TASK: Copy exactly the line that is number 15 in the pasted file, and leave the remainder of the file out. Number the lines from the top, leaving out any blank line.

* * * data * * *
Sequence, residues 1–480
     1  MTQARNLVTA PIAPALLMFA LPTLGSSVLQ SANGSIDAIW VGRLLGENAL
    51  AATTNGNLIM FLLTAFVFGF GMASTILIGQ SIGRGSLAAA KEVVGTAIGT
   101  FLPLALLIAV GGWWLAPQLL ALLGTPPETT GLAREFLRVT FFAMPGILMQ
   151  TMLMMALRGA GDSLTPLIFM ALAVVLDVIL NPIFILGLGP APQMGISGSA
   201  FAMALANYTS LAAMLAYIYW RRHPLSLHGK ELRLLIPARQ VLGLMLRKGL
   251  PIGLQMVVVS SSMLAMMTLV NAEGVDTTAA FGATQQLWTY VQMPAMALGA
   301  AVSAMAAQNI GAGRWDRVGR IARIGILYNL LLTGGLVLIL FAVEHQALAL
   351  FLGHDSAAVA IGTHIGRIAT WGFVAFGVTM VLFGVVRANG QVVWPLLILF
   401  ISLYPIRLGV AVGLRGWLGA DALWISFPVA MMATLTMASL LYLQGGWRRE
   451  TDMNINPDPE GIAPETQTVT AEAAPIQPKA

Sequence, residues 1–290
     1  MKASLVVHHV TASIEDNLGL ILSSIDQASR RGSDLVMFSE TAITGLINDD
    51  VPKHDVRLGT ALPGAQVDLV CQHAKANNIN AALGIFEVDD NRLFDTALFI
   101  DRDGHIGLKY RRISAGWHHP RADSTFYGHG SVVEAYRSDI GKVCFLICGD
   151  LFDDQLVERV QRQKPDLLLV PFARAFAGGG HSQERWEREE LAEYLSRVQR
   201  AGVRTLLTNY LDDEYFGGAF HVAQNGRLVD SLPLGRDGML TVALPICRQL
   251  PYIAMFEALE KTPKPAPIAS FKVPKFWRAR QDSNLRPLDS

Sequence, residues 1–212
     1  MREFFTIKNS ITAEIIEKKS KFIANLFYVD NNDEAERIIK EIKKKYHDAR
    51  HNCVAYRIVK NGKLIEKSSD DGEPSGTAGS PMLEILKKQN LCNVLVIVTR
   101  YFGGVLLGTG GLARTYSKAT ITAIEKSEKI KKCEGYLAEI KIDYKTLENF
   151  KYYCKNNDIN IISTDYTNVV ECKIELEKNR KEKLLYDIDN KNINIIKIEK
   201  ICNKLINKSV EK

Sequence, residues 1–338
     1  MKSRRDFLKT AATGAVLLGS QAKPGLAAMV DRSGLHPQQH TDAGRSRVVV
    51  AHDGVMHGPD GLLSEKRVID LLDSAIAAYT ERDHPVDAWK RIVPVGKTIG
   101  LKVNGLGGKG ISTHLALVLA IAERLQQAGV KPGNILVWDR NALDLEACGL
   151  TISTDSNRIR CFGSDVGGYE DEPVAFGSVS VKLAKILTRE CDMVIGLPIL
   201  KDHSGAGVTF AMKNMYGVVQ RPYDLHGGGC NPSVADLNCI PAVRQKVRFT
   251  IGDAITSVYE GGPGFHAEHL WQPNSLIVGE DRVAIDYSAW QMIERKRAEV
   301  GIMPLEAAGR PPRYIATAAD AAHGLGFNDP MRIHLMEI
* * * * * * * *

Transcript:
   101  DRDGHIGLKY RRISAGWHHP RADSTFYGHG SVVEAYRSDI GKVCFLICGD